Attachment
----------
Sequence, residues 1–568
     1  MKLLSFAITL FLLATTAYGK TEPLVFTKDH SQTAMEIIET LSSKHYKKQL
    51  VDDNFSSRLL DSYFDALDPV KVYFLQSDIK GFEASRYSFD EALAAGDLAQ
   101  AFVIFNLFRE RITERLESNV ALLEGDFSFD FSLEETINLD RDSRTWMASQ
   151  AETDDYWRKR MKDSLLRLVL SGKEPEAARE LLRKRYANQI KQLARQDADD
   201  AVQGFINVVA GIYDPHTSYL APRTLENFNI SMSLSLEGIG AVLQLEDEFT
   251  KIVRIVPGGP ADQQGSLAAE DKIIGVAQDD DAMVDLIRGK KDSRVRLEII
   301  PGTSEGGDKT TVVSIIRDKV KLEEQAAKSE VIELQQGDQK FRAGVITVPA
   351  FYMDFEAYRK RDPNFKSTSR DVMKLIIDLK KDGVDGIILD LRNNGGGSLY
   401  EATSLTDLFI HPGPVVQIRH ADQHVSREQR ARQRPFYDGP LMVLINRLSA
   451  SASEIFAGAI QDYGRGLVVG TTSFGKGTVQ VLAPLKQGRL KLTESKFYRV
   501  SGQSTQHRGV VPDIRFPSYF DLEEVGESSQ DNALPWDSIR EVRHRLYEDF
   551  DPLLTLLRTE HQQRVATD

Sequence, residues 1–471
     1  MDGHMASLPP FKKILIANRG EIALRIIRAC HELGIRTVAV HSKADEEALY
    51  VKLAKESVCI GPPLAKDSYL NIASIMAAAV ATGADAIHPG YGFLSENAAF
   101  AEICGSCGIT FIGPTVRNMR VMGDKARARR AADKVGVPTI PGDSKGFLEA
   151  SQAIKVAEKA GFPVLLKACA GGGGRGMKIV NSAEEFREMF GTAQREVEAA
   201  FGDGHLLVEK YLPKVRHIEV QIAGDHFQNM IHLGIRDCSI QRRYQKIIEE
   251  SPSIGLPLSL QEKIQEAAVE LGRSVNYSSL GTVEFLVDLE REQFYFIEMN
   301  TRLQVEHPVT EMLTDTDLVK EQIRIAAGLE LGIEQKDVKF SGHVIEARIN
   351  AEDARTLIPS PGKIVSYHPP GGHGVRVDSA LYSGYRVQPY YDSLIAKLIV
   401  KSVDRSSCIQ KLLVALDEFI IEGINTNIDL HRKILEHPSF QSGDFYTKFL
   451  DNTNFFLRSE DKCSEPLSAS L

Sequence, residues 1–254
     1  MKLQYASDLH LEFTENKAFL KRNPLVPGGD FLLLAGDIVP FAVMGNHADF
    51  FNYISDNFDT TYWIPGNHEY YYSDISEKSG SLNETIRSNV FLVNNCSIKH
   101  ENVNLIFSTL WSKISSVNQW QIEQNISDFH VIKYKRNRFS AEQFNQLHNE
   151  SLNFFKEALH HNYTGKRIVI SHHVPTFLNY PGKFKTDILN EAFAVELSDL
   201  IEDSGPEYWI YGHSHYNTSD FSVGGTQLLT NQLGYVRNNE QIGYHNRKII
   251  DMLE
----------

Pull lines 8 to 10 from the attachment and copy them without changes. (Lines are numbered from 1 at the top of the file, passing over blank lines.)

   301  PGTSEGGDKT TVVSIIRDKV KLEEQAAKSE VIELQQGDQK FRAGVITVPA
   351  FYMDFEAYRK RDPNFKSTSR DVMKLIIDLK KDGVDGIILD LRNNGGGSLY
   401  EATSLTDLFI HPGPVVQIRH ADQHVSREQR ARQRPFYDGP LMVLINRLSA